Zika-affected areas map

Zika and Travel

It is recommended that women who are pregnant (in any trimester) consider postponing travel to any area where Zika virus transmission is ongoing. If you must travel to one of these areas, talk to your doctor first and strictly follow steps to prevent mosquito bites during your trip. Women who are trying to become pregnant should talk to their doctor about their plans to become pregnant and the risk of Zika virus infection. Strictly follow steps to prevent mosquito bites during your trip. All other travelers should strictly follow steps to prevent mosquito bites. CDC has issued Level 2 Alerts to Zika-affected areas advising travelers to take measures to prevent mosquito bites.

Zika travel information

Can Iowans Get Zika Virus?

The mosquitoes that are transmitting Zika virus in other areas of the world are not established in Iowa, so the risk to Iowans occurs when they travel to Zika-affected areas. Iowans should follow the travel recommendations above.

Information for Employers

Interim guidance for protecting workers from occupational exposure

Information for Healthcare Providers

  • Zika virus infection should be considered in patients with acute fever, rash, arthralgia, or conjunctivitis, who traveled to areas with ongoing transmission in the two weeks prior to onset of illness.
  • All travelers should take steps to avoid mosquito bites to prevent Zika virus infection and other mosquito-borne diseases.
  • Until more is known and out of an abundance of caution, pregnant women should consider postponing travel to any area where Zika virus transmission is ongoing. Pregnant women who do travel to one of these areas should talk to their doctors or other healthcare providers first and strictly follow steps to avoid mosquito bites during the trip. Women trying to become pregnant should consult with their healthcare providers before traveling to these areas and strictly follow steps to avoid mosquito bites during the trip.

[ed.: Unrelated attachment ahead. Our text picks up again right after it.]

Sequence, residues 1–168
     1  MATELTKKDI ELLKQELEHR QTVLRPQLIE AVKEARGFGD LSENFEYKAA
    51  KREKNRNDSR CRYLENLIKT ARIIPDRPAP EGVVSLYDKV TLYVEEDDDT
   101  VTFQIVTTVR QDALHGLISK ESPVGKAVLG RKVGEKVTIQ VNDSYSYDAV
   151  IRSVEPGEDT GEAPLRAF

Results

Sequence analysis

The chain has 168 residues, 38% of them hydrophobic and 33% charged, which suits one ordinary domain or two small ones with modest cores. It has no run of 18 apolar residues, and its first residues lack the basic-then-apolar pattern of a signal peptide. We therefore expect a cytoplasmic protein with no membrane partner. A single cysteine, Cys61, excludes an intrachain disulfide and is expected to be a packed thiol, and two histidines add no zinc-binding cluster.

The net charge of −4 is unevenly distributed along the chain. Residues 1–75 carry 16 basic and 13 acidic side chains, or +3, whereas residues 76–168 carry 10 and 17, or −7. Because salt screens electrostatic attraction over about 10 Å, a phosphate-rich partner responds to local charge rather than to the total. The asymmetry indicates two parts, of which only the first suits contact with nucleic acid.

• Fetuses and infants of women infected with Zika virus during pregnancy should be evaluated for possible congenital infection and neurologic abnormalities.

Zika information for healthcare providers

Update: Interim Guidance for Prevention of Sexual Transmission of Zika Virus-United States, 2016

Questions and Answers on Zika and Sexual Transmission

For obstetrical care providers:

For pediatric healthcare providers

Testing for Zika Virus

There are no commercially available diagnostic tests for Zika virus disease. Zika virus testing is performed at the CDC Arbovirus Diagnostic Laboratory and a few state health departments. Healthcare providers suspecting a potential case of Zika virus should contact the Iowa Department of Public Health’s Center for Acute Disease Epidemiology at 800-362-2736.  CADE staff will consult with the provider to determine whether the case meets the CDC testing criteria. If testing is warranted, CADE staff will work with the provider to determine which specimens to collect and make arrangements for the courier to pick up collected specimens and deliver them to the State Hygienic Laboratory (the state’s public health laboratory) where they will be packaged and sent to the CDC for testing.

For more information about emerging health issues, contact Polly Carver-Kimm at (515) 281-6693

or use the Contact Us system to submit a question online.